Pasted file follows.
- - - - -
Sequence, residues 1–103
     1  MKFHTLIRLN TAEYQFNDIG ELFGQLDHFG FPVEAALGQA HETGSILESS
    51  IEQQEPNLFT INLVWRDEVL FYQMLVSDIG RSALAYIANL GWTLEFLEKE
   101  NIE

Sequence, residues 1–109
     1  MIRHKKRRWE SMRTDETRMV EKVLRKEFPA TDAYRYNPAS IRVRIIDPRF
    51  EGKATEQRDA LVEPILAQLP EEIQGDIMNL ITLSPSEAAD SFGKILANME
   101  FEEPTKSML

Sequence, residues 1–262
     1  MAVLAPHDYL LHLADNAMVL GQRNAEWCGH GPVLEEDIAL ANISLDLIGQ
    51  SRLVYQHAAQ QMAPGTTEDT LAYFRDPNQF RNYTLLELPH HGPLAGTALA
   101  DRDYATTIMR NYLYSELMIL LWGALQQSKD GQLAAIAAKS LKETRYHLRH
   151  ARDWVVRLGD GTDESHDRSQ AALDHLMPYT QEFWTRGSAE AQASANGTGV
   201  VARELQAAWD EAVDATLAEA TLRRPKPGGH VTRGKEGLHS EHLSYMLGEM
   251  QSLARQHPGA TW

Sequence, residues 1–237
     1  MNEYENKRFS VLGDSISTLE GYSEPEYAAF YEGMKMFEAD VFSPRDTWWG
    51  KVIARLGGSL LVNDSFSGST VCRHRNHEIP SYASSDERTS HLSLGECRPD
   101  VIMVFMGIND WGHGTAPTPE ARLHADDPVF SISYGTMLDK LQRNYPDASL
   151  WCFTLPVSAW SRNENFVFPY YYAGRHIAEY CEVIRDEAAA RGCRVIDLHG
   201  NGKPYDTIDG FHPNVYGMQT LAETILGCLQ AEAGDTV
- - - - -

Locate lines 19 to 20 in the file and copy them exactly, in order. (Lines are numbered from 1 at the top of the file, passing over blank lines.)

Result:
   101  VIMVFMGIND WGHGTAPTPE ARLHADDPVF SISYGTMLDK LQRNYPDASL
   151  WCFTLPVSAW SRNENFVFPY YYAGRHIAEY CEVIRDEAAA RGCRVIDLHG